The crave for foreign studies by many Nigerian youths came to fore again on Monday at the Canadian Education Fair held in Lagos. It is an annual event and this year’s edition was the ninth in the series. Hundreds of youths who are either in schools or have graduated and now seeking further studies stormed the venue, where scores of Canadian higher institutions and their Nigerian affiliates showcased their trades. MOJEED ALABI reports:
Kelechi Andrew is a 30-year-old Higher Diploma Certificate (HND) holder, who graduated five years ago from the Benue State Polytechnic, Igbokolo. Since he completed the one year mandatory youth service programme efforts to secure a good job has yielded no meaningful result. And like his three other friends, he saw alternative in pursuing further studies abroad, and has kept surfing the internet, attending education fairs and meeting different education consultants in the last three years without success.
I am attending this Canadian Fair for the first time but I have attended the ones organised by other institutions like the British Council. I desire to go abroad because Nigerian certificates no longer have value. Apart from the fact that it is hard to gain admission to higher institutions of learning in Nigeria, the facilities are also not available and one is not even sure of when to graduate due to either industrial actions or frustration by lecturers, Kelechi said.
When asked what chances he thinks he may have out there, he responded that no matter how things may be difficult in Europe or America, it cannot be as bad as Nigeria because I am sure basic facilities are available there. Last year alone, Kelechi applied to two universities in the United States, one in Sweden, and another in Norway, but none yielded the desired result. While two schools from the list turned down his application, others granted him admission but he was denied visa to travel. Despite this, he is insisting that he has no better alternative than to go abroad where he also feels he has hope of surviving.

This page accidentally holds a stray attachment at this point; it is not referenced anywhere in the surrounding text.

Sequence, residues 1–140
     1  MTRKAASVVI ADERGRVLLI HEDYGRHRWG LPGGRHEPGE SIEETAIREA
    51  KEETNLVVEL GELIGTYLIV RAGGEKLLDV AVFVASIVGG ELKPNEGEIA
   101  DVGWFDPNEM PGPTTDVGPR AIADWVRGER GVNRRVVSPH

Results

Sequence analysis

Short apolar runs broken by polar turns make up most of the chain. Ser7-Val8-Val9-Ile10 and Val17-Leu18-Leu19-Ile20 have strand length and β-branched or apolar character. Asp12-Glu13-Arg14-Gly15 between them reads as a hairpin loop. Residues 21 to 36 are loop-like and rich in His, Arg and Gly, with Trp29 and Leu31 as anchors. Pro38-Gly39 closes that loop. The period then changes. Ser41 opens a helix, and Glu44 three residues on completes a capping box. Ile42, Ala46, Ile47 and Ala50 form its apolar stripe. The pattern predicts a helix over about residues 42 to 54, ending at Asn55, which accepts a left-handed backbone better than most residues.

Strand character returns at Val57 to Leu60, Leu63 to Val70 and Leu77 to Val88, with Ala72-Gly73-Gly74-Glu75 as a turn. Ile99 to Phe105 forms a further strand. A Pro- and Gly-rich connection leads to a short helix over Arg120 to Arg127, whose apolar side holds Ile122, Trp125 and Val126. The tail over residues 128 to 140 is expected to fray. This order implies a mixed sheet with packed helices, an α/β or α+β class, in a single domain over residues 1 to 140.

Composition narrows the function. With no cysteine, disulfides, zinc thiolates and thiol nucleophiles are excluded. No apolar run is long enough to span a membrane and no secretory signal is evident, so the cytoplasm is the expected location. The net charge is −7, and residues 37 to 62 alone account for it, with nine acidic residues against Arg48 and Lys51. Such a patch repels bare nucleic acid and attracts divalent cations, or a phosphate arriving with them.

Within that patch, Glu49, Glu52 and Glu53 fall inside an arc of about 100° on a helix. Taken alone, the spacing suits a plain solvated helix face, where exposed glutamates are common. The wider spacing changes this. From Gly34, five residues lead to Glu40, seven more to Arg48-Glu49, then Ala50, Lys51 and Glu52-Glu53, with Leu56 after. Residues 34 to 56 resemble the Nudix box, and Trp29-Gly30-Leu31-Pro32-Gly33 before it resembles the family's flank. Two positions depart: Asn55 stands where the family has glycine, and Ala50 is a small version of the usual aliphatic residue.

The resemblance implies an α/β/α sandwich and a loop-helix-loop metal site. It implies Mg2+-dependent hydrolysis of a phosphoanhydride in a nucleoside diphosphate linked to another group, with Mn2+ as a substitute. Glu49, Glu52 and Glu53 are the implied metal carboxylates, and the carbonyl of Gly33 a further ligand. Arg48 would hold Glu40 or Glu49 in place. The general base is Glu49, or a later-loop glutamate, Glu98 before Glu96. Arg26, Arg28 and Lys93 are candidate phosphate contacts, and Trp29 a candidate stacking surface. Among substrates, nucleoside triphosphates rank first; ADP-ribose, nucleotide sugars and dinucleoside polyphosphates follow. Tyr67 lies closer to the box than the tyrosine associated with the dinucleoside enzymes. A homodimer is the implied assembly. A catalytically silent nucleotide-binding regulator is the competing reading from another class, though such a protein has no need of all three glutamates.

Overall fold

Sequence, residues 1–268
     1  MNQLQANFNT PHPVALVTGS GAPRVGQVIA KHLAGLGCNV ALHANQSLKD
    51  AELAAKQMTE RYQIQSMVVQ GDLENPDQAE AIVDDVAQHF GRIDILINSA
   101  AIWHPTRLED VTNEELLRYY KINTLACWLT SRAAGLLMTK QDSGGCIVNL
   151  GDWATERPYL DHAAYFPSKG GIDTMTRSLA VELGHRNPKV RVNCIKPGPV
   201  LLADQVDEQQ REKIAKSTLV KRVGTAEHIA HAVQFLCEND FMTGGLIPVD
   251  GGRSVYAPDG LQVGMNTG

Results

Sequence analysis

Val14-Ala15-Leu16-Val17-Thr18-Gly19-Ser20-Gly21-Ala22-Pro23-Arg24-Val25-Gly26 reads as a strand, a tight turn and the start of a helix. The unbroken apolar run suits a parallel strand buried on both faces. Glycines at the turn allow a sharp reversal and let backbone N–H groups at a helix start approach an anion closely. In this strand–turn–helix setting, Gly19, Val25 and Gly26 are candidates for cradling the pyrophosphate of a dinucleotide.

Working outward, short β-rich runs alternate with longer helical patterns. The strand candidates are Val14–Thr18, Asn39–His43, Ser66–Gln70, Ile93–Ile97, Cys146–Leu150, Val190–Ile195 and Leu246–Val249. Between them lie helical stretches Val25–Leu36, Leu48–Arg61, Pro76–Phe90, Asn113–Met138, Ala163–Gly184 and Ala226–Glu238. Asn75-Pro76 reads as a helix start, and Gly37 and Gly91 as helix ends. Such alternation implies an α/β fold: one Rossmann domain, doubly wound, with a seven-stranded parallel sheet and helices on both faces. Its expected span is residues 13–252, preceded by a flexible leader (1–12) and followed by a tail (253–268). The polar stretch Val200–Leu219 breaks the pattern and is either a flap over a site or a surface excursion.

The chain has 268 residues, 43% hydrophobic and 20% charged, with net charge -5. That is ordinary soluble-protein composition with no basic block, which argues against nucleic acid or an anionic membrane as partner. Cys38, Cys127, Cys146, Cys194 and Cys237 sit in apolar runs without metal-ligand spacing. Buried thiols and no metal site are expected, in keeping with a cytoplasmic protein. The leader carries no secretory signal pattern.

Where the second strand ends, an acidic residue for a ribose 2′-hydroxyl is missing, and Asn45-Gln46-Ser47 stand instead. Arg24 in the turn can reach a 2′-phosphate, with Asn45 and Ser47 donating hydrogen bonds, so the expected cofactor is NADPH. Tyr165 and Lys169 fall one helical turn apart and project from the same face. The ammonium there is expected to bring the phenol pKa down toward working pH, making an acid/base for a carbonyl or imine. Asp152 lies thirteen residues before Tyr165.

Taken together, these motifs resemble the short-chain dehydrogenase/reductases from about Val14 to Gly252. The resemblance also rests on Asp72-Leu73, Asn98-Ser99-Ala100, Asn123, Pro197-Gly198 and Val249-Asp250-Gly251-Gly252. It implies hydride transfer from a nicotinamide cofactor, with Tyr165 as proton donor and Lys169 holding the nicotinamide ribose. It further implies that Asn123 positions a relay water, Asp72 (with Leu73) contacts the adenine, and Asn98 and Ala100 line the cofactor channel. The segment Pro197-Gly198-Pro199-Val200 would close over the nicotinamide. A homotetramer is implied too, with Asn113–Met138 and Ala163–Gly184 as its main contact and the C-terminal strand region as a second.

Kelechi’s high hope in foreign certificates is influenced by the success of one of his friends, who gained admission to a university in Sweden and has since been sending good signals of a prosperous future for him. Unlike Kelechi, Friday Pius, a banker, ought to have resumed at Stouffville College in Toronto, Canada, and commenced his lecture on Monday, January 23, but he received a shocker just last week Tuesday from the Canadian Embassy in Nigeria as his application for study permit was rejected on the condition that he did not convince the examiner in the embassy beyond reasonable doubt.
Visibly angry, Friday stormed this year’s fair to formally lodge his complaints to the embassy official and possibly meet the representatives of the Canadian school to help him appeal to the Canadian Embassy to grant him visa to travel. I fulfilled all the conditions; paid about N45, 000 for my admission application process and another N19, 500 for visa application but while the school offered me admission, the embassy denied me visa. Both the financial and academic requirements were met and I cannot understand why I should be denied. I need an explanation for this, furious Friday queried.
According to Friday, the N7 million to complete his certificate programme of the Association of Chattered Certified Accountants is available because he said his sponsor is averagely comfortable. Though some foreign study experts he approached are saying the visa refusal by the embassy may have been due to his inability to pay his tuition fee before applying for visa, the young man insisted such condition is not stated in the application guidelines and he is ready to fight it out with the embassy.
These are some of the numerous cases brought to this year’s Canadian Education Fair, which opened in Lagos on Monday. In fact, the scene was very rowdy as hundreds of Nigerians, including parents, students of grammar schools and degree holders crowded the hall of the exhibition to inquire about either their choices of schools or courses of studies.